Preferably, means for detecting an analyte comprises one or more chemical reagents that interact with that analyte and generate a physical or chemical signal that is indicative of analyte presence. Preferably, a signal generated is proportional to the amount or concentration of analyte in the sample.
Chemical reagents used for detecting analytes are well known in the art. In a preferred embodiment, such chemical reagents interact with analyte to generate a change in color (e.g., a colorimetric assay of analyte). In a preferred embodiment, where the analyte is glucose, chemical reagents used for the colorimetric detection of glucose are those used in the well known hexokinase reaction. The chemical reactions and reagents involved in that reaction are set forth below.
In accordance with that embodiment, a device of the present invention comprises a detection matrix that contains the substrates, enzymes and indicators needed for the hexokinase detection of glucose. Those reagents comprise adenosine triphosphate (ATP), nicotinamide adenine dinucleotide (NAD), hexokinase, glucose-6-phosphate dehydrogenase, diaphorase and an indicator. A preferred indicator is a tetrazolium salt such as 2-(p-lodophenyl) -3-(p-nitrophenyl)-5-phenyltetrazolium chloride (i.e., INT), p-Nitro Blue Tetrazolium chloride (i.e., NBT) or 2-(4-difluoromethyl-5-chlorothiazolyl)-3-(3,4,5-trimethoxyphenyl)-5-(3,4-methylenedioxyphenyl) tetrazolium benzenesulfonate.
In other preferred embodiments, an analyte is cholesterol, triglyceride, amylase and the like. Chemical reagents used in the detection of those analytes are well known in the art. Exemplary such reagents are set forth hereinafter in Example 3.
A device of the present invention comprises a separation matrix vertically adjacent to a means for detecting analyte and substantially coincident to that detection means such that analyte can move from the separation matrix to the detection means. In a preferred embodiment, the separation matrix is in contact with the detection means.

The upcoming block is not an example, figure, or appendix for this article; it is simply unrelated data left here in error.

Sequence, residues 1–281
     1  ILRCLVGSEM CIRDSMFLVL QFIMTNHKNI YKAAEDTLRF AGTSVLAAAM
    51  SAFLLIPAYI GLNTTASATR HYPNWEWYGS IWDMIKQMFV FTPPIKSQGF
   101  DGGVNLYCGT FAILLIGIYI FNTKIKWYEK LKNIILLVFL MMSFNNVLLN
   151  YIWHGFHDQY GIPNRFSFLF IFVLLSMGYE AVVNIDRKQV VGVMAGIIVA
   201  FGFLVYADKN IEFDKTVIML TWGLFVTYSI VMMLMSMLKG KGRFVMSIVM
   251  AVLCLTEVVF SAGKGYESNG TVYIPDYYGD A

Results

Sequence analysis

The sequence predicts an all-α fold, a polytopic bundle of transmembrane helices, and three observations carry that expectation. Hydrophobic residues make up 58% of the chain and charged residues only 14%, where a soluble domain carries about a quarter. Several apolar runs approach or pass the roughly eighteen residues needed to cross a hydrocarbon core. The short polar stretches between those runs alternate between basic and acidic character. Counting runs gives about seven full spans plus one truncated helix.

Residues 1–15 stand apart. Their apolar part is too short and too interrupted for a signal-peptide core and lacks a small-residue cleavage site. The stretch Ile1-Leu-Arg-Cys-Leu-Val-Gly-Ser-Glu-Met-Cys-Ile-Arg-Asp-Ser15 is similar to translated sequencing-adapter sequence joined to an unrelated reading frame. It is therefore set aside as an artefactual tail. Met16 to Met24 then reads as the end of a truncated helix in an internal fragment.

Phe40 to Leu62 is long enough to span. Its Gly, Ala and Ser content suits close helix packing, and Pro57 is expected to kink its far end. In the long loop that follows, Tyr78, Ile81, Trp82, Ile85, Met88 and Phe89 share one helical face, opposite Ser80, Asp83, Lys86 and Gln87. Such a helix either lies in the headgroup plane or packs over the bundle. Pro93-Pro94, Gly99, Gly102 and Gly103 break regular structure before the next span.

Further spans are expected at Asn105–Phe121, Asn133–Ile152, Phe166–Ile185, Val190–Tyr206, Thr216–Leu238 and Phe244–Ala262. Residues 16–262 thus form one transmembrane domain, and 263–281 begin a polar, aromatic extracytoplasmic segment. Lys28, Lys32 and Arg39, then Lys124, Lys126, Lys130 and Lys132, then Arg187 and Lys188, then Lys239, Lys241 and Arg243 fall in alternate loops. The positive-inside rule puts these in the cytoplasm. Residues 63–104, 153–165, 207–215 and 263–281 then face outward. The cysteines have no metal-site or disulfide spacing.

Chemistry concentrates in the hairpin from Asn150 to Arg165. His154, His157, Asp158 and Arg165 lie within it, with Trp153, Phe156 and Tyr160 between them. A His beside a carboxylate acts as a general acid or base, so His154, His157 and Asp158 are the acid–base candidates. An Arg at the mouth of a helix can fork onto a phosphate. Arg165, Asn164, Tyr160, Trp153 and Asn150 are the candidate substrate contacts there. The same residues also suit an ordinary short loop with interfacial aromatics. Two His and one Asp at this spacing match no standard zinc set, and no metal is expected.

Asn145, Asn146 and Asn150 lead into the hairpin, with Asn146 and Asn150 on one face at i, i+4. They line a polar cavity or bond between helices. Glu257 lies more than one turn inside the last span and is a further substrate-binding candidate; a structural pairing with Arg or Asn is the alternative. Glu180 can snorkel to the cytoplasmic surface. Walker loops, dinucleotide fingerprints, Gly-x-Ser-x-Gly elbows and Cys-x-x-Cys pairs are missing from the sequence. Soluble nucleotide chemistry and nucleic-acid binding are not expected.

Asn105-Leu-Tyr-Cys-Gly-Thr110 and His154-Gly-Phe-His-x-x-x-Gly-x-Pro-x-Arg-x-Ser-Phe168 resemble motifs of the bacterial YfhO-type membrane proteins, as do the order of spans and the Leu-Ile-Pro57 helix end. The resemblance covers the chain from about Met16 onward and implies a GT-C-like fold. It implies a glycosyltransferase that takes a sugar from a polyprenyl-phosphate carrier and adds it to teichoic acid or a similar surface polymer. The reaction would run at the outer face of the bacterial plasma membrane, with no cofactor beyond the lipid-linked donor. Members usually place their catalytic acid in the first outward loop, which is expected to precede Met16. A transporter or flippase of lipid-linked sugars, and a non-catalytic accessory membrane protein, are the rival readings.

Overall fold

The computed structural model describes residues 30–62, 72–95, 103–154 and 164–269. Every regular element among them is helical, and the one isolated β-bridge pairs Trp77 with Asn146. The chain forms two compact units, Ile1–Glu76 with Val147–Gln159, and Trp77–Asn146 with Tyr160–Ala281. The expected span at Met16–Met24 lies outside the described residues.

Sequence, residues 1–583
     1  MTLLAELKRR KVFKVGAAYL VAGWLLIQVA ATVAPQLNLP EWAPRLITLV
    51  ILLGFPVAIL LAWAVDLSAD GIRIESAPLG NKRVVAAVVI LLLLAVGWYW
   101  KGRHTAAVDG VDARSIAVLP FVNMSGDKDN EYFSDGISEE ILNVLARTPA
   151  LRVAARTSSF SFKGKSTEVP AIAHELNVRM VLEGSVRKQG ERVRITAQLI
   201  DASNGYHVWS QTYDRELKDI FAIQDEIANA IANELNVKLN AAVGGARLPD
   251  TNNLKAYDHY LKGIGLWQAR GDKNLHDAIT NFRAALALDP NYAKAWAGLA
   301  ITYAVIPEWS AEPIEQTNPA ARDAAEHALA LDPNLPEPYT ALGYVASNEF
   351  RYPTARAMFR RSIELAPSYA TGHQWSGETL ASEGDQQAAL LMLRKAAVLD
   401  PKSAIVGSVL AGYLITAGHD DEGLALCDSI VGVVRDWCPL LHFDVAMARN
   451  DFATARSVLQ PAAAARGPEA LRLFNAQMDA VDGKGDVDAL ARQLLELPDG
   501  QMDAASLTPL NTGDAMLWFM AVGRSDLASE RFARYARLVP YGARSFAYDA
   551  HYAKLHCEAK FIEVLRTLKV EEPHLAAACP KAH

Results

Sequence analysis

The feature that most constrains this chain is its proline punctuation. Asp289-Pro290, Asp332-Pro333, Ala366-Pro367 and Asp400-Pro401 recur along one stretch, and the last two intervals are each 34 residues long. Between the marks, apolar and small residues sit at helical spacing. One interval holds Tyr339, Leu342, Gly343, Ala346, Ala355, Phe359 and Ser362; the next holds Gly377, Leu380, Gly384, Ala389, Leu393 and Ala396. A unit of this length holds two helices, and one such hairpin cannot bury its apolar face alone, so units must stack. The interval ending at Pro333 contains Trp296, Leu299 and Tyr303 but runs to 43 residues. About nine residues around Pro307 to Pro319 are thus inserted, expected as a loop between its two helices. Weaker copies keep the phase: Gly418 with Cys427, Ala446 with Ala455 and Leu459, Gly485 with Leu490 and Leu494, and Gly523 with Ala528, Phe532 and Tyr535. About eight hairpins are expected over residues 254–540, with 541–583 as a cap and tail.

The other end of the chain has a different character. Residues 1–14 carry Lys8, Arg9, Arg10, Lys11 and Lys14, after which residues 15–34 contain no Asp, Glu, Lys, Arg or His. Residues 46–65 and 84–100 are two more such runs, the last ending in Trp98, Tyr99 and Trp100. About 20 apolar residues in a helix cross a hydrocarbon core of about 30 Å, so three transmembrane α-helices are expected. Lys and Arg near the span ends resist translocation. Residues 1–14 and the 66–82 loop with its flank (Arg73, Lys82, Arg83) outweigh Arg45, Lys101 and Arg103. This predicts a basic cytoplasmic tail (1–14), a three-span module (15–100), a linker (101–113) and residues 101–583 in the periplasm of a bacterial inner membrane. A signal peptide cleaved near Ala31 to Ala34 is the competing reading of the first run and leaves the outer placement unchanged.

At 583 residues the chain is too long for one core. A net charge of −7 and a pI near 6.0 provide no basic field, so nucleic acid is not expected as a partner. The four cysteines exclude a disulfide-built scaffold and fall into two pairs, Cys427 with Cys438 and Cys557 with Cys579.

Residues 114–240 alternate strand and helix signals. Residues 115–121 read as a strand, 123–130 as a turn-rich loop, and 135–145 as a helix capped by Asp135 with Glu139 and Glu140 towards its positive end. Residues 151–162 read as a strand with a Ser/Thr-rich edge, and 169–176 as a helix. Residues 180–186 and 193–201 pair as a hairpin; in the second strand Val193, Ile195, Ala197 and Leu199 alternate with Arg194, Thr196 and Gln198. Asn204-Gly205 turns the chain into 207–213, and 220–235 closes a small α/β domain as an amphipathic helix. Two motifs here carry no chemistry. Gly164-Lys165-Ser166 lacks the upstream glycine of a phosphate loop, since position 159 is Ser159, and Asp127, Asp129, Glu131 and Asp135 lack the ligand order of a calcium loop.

Preferably, a separation matrix is a membrane filter fabricated of natural or synthetic chemically-resistant and chemically-inert materials as those terms are defined above. Preferably a separation matrix is highly porous to allow for movement of an analyte containing sample across the membrane filter and into a detection matrix. In an especially preferred embodiment, the separation matrix is a glass fiber filter. Porous glass fiber filters are commercially available (Whatman Ltd., England).
Where aligned vertically adjacent to a detection means in a device of the present invention, a separation matrix can be seen to have a sample application side directed away from the detection means and a reagent side directed toward and adjacent to the detection means. In a preferred embodiment, a separation matrix is heterogeneous with respect to those sides.
In a preferred embodiment, those sides are heterogeneous with respect to their ability to promote lateral spreading of a liquid sample applied to the matrix. According to this embodiment, the application side of a separation matrix promotes lateral spreading of an applied liquid sample to a lessor extent than the reagent side. Thus, spreading of an applied sample occurs as that sample traverses (passes through) a separation matrix from the application side to the reagent side and toward the detection means.
Where a separation matrix is a glass fiber filter, such a heterogeneous promotion of lateral spreading is accomplished by having the glass fibers at the reagent side shorter than the glass fibers at the application side. The use of such a heterogeneous glass fiber filter reduces the amount of sample needed for detection of an analyte in that sample and reduces the time need for such detection.
A separation matrix can further contain a substance that interacts with an applied sample so long as that substance does not adversely affect detection of an analyte. An exemplary such substance is an agent that promotes aggregation of colloidal particles or cells and serve to enhance separation of an analyte from other substances that likely interfere with analyte detection.
By way of example, where a biological fluid is blood, and means for detecting glucose is a calorimetric means, the presence of red blood cells would likely interfere with color detection. Red blood cells can be aggregated in a separation matrix such that those cells do not migrate to a detection means and interfere with color detection. A preferred aggregation-promoting substance for use with whole blood samples is an agglutination-promoting agent such as a lectin. A preferred lectin is potato lectin.
A separation matrix can also comprise a surface active agent such as a surfactant. Where a sample is whole blood, a preferred surfactant is a non-hemolytic surfactant such as a functionalized derivative of polyoxethylene (e.g., Cremophor EL, Sigma Chem. Co., St. Louis, Mo.) or Surfynol 465 (Air Products and Chemicals, Inc.).